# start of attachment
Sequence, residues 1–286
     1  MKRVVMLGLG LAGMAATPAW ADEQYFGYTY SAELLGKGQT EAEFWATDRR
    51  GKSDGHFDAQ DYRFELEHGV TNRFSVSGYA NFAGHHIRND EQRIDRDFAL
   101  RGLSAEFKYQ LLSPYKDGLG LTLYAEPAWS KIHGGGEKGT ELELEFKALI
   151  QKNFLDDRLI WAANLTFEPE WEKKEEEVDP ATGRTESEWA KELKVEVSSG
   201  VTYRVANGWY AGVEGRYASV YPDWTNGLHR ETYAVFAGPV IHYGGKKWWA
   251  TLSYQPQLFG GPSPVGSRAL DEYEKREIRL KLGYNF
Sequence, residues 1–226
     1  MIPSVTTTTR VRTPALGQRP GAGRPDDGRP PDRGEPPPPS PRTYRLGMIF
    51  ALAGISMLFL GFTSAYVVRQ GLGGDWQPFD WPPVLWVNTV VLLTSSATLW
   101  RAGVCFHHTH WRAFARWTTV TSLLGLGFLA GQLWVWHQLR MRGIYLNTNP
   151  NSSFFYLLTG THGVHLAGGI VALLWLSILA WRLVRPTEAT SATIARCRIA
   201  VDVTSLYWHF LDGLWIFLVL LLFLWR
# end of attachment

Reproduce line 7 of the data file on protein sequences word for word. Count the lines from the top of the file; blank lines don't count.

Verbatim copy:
   251  TLSYQPQLFG GPSPVGSRAL DEYEKREIRL KLGYNF